BlackBerry Enterprise Server 5.0 Greatly Eases Centralized Management Tasks

 
 
By Andrew Garcia  |  Posted 2009-08-05 Email Print this article Print
 
 
 
 
 
 
 

Review: BlackBerry Enterprise Server 5.0 provides server high availability, a new Web interface, improved deployment status visibility and role-based administration. eWEEK Labs' tests of BES 5.0 for Microsoft Exchange show that the updated platform will simplify day-to-day mobile device management and allow more effective delegation of tasks among front-line and second-tier administrators.

The latest iteration of Research in Motion's enterprise device management solution, BlackBerry Enterprise Server 5.0, greatly simplifies centralized mobile administration tasks.

Delivering features such as server high availability, a new Web interface, improved deployment status visibility and role-based administration, BES 5.0 will simplify day-to-day mobile device management and allow more effective delegation of tasks among front-line and second-tier administrators.

I tested BES 5.0 for Microsoft Exchange. Pricing starts at $2,999 for the software (per server pair) and a single client access license, or $3,999 for the software and 20 CALs. A pack of 500 additional CALs costs $27,999. Customers needing 1,000 or more CALs can opt to join the BlackBerry Enterprise License Program for customized licensed packages at additional levels of discount.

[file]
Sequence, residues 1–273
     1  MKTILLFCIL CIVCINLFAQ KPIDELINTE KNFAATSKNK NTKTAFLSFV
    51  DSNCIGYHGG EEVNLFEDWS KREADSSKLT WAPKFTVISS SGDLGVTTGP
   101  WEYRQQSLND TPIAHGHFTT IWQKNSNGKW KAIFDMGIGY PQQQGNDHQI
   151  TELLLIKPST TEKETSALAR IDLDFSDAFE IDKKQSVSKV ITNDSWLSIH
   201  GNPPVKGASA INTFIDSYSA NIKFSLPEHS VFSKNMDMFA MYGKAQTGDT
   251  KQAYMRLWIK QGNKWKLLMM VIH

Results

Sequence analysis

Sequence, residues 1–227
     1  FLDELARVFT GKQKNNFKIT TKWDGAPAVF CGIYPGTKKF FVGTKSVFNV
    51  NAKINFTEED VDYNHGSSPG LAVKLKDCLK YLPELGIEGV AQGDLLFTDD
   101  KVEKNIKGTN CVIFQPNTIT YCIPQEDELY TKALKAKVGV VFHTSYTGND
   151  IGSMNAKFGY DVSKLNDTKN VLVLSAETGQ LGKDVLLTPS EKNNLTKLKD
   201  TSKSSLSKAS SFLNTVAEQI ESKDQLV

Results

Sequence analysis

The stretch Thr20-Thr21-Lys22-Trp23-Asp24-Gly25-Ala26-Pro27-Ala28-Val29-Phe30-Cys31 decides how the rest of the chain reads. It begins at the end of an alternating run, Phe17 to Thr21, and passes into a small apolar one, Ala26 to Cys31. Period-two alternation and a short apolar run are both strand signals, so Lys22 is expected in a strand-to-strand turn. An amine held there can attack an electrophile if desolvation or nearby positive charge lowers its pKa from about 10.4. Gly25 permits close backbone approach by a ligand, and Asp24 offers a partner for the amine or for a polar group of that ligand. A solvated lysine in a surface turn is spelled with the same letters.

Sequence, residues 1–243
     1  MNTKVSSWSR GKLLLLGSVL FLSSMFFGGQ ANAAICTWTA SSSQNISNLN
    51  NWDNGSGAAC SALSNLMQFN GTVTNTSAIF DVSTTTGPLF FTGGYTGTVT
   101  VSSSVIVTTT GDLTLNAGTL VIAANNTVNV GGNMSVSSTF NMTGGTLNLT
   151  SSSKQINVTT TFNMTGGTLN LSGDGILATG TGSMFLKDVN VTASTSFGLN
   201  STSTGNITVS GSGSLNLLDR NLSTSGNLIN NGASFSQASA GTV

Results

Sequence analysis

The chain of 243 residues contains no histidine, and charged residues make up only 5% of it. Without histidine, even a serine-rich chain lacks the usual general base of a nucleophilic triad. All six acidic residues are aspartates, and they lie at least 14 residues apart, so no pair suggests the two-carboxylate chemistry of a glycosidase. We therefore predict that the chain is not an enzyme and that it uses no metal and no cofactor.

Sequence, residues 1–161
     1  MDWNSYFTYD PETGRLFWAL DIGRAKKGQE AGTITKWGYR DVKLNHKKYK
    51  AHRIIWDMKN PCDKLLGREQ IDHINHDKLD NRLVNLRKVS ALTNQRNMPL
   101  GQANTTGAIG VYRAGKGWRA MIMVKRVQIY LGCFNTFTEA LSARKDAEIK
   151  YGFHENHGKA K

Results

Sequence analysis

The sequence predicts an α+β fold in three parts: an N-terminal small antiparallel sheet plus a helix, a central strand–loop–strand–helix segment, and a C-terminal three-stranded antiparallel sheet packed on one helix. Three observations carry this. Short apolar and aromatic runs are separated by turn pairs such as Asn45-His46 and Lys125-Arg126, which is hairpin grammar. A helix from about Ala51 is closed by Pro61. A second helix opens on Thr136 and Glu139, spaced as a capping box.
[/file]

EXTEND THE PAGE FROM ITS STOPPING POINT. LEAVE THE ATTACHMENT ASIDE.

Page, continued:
Customers with current CALs who wish to upgrade BES from a previous version face a one-time charge of $999 per server.

To the Test

I tested BES 5.0 for Exchange in conjunction with a range of BlackBerry handsets to ensure compatibility with both the latest and older models in RIM's fleet. Client software versions ranged from 4.2 to 4.7, as the test bed included the BlackBerry Bold, the Curves 8310 and 8900, and the new BlackBerry Tour.

BES 5.0 features a new Web-based management console called the BlackBerry Administration Service, rather than the desktop software that was needed with previous BES versions.  The Web interface--which can use either Microsoft Active Directory domain credentials or the built-in user database to authenticate administrators--makes it easier for administrators to log in and make quick changes even when not at their primary machine. However, I was disappointed in the lack of browser support.  BAS works only with Internet Explorer browsers, and perhaps not every version, since I was cautioned by RIM representatives against using BAS with IE 8 (although I did not encounter any issues when doing so).